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Forum topic by JosephNY posted 01-21-2022 11:49 PM 419 views 0 times favorited 16 replies Add to Favorites Watch
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JosephNY

47 posts in 3627 days


01-21-2022 11:49 PM

I had this nice old coffee table that had some scratches and the finish was pretty worn.

So I sanded it down and the woodwork is pretty interesting.

Anyone have any suggestions on how to finish this?

I’m thinking stain and poly, but I don’t know type and color stain would work well with all the different grain directions and wood colors/brightnesses.

(Round glass not shown.)

Thank you!


16 replies so far

View LesB's profile

LesB

3471 posts in 4903 days


#1 posted 01-22-2022 12:20 AM

Wow that is quite a piece of work.

Anyway I think the problem as you suspect will be controlling a stain; especially if you haven’t been able to remove all 100% of the previous finish. So my first suggestion would be to condition the wood with a 2# coat of clear de-waxed shellac (Zinssers Seal Coat is one source). I would then test the stain you think you want to use in an inconspicuous spot (on the underside??) if you can. Probably best to use an oil based stain.

Personally I like it the coloring it is and a top coat finish might darken just a little. If it were mine I would be very careful about a stain. It would be a shame if it ended up with blotches. It is difficult to undue stain.

A durable top coat would be a water based poly of the brand you prefer, lots of people like Arm-R-Seal, in the gloss you prefer. I have been happy with Varathane brand to and their floor grade is particularly wear resistant.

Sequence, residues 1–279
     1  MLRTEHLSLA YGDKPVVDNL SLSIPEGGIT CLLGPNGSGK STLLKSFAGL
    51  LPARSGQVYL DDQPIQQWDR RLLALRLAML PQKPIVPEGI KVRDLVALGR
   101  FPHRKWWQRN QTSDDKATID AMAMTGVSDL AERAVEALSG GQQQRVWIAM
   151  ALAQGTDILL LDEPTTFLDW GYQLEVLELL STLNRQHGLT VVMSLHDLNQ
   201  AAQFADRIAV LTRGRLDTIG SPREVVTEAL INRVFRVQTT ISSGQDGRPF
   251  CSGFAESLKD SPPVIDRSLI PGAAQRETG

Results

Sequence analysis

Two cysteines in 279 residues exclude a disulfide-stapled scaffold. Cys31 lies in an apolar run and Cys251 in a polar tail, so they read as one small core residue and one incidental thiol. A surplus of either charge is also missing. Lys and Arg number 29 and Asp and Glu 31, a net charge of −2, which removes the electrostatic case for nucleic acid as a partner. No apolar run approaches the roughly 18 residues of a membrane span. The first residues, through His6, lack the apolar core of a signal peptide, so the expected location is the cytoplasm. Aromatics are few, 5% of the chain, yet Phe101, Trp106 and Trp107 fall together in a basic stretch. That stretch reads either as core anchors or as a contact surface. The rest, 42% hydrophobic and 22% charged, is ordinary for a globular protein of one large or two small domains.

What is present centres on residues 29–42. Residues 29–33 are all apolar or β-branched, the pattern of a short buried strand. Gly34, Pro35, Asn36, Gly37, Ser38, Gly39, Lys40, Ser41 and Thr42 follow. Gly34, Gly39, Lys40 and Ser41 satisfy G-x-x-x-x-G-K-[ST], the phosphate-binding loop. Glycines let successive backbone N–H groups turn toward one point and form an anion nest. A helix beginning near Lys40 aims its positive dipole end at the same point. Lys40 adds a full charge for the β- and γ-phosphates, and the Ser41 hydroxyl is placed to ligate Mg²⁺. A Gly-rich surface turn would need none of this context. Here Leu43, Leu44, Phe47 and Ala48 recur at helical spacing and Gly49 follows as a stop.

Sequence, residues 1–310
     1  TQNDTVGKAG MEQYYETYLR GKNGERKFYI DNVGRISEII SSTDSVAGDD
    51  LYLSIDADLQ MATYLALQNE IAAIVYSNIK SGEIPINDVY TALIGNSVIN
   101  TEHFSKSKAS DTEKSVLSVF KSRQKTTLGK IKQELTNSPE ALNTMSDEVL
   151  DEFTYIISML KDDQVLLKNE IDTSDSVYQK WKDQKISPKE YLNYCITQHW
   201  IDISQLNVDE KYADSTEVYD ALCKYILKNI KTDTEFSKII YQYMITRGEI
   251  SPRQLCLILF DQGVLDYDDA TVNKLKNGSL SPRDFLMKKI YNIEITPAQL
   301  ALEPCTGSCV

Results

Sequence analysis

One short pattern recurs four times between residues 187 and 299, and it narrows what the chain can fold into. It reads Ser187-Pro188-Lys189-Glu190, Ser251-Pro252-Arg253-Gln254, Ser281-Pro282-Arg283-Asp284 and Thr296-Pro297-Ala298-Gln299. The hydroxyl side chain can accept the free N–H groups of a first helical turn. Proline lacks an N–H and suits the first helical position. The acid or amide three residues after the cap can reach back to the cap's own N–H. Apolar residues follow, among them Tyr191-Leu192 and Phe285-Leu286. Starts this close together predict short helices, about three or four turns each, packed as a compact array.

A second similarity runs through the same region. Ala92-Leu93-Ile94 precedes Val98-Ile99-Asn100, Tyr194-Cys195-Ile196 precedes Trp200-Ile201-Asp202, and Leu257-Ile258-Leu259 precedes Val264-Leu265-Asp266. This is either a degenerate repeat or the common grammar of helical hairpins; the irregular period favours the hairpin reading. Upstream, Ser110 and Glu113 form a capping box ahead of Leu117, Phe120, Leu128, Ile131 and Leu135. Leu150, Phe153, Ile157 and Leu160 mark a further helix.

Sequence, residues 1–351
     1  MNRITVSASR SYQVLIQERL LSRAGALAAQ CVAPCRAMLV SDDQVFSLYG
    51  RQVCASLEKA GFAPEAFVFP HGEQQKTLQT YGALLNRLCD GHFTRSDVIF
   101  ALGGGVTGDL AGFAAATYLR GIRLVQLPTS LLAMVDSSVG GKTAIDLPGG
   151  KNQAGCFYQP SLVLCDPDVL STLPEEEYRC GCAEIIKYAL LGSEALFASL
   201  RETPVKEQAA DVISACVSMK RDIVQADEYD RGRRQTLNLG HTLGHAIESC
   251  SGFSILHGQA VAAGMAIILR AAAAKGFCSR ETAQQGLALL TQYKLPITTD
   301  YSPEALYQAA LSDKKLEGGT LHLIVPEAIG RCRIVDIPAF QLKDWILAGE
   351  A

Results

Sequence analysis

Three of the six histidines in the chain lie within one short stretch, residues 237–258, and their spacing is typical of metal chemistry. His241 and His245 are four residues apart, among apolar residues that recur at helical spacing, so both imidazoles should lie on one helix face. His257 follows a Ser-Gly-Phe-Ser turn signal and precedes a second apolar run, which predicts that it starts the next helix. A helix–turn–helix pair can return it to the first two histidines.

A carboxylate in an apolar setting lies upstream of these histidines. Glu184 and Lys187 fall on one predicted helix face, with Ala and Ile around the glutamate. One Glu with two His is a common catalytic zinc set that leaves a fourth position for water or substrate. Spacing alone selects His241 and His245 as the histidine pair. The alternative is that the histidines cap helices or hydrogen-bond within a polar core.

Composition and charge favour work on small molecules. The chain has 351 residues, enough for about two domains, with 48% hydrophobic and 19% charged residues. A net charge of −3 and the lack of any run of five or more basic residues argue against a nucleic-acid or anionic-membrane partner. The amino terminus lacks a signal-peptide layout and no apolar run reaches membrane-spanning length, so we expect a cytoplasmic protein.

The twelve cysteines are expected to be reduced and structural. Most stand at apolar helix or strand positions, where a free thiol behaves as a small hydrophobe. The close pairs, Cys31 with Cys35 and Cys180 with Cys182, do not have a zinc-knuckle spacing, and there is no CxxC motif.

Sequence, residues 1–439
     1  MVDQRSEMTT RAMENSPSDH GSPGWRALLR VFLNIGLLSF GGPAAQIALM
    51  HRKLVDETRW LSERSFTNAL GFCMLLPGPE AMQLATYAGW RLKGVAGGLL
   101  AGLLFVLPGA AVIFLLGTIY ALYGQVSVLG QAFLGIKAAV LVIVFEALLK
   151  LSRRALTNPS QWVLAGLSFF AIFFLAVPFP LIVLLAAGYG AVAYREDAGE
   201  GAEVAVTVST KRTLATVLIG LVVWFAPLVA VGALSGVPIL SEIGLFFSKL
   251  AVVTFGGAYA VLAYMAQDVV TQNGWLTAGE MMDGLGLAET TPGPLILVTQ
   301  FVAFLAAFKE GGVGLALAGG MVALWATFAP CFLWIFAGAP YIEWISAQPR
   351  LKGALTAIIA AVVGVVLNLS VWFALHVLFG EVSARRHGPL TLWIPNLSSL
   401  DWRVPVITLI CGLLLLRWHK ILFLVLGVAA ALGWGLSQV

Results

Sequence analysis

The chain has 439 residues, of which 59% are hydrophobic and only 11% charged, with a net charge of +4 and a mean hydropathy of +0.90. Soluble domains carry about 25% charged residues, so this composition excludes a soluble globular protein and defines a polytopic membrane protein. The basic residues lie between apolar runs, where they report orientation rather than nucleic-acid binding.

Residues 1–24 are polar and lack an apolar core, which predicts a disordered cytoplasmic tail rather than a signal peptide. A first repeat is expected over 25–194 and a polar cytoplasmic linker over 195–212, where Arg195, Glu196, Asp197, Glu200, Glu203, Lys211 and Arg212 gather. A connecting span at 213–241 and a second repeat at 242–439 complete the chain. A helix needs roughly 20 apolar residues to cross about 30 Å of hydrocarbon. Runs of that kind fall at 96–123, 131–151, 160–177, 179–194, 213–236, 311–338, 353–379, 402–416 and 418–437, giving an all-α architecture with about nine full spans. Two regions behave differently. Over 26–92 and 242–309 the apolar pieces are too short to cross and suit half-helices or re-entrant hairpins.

-- Les B, Oregon

View SMP's profile

SMP

5315 posts in 1366 days


#2 posted 01-22-2022 12:51 AM



Wow that is quite a piece of work.

Anyway I think the problem as you suspect will be controlling a stain; especially if you haven t been able to remove all 100% of the previous finish. So my first suggestion would be to condition the wood with a 2# coat of clear de-waxed shellac (Zinssers Seal Coat is one source). I would then test the stain you think you want to use in an inconspicuous spot (on the underside??) if you can. Probably best to use an oil based stain.

Personally I like it the coloring it is and a top coat finish might darken just a little. If it were mine I would be very careful about a stain. It would be a shame if it ended up with blotches. It is difficult to undue stain.

A durable top coat would be a water based poly of the brand you prefer, lots of people like Arm-R-Seal, in the gloss you prefer. I have been happy with Varathane brand to and their floor grade is particularly wear resistant.

- LesB

I basically second everything LesB said

View Lazyman's profile

Lazyman

9615 posts in 2848 days


#3 posted 01-22-2022 03:59 AM

Definitely no stain. Looks like leopard wood and some other exotic and would be ruined by using a stain. I would probably go with good oil based finish really bring out the really cool pattern in the grain.

Can you tell if that is veneer or is that somehow solid? I am guessing it veneer so be careful doing any more sanding. You do not want to sand through it if it is.

Do you have any before pictures? Any sort of makers mark anywhere to know who made it?

-- Nathan, TX -- Hire the lazy man. He may not do as much work but that's because he will find a better way.

View JosephNY's profile

JosephNY

47 posts in 3627 days


#4 posted 01-22-2022 01:35 PM

Thank you all so much.

Below are a bunch of ‘before’ pics.

I am almost always partial to no-stain.

Do you think a polyurethane or maybe an oil finish (like Odie’s) would be best?

If no stain, would I still do well with shellac first?

View Lazyman's profile

Lazyman

9615 posts in 2848 days


#5 posted 01-22-2022 02:35 PM